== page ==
Laurence Rowe <l <at> lrowe.co.uk> writes: > So why is PosgreSQL so much faster? It's using a Write-Ahead-Log for > inserts. Instead of inserting into the (B-Tree based) data files at > every transaction commit it writes a record to the WAL. This does not > require traversal of the B-Tree and has O(1) time complexity. The > penalty for this is that read operations become more complex, they must > look first in the WAL and overlay those results with the main index. The > WAL is never allowed to get too large, or its in memory index would > become too big.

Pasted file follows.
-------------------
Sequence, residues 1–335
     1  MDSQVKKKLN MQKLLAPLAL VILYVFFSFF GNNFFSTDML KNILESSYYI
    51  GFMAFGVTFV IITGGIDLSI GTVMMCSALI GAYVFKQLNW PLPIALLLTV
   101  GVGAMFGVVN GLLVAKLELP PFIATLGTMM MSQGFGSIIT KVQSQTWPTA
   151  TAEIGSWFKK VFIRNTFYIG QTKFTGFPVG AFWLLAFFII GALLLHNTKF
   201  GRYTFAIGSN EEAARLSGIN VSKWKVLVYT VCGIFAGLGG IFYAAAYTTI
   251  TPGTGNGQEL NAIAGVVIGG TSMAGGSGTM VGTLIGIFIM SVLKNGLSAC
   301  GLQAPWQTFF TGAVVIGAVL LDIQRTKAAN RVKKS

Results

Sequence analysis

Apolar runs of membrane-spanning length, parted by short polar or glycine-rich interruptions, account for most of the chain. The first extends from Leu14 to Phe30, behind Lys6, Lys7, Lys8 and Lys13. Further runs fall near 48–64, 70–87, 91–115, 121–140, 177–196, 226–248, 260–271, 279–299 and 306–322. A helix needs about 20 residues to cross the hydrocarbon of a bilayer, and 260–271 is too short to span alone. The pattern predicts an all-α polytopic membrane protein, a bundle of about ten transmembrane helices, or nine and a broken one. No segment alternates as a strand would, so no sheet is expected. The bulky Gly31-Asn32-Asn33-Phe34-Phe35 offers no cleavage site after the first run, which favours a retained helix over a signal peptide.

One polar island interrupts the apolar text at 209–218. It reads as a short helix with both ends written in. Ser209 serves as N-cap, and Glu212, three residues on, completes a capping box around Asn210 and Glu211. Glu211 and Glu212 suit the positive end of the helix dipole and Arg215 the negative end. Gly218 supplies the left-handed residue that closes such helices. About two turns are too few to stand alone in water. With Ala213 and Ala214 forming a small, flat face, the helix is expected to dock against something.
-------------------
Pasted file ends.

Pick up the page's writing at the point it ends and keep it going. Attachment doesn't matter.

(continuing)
This is sort of what I proposed at the performance BOF at the Plone Conf specifically for the ZCatalog. Ie we perhaps look at a catalog data structure in which writes are initially done to some kind of queue then moved to the BTrees at a later point. One thing to be vary wary of with all of this. As has been shown the conflict errors are relative to the size of the Btree, this is due to the probability of a bucket needing to be split. We need to be very sure that real life use cases are what we think they are. Ie. in a large running site some of the BTrees will already be quite large and so conflicts might not be such an issue (they are an issue so something is not right here). Or we might find for instance that one of the catalog indexes, eg. something like a FieldIndex might only have a small vocabulary (e.g. the author of a piece of content) but referenced by every document. In that case you would have an index with very few keys and N values (where N is the number of documents) and an unindex of N keys each with a a very small number of values, hence a small btree, hence large chance of collisions. -Matt _______________________________________________ For more information about ZODB, see the ZODB Wiki: http://www.zope.org/Wikis/ZODB/ ZODB-Dev mailing list - ZODB-Dev@zope.org http://mail.zope.org/mailman/listinfo/zodb-dev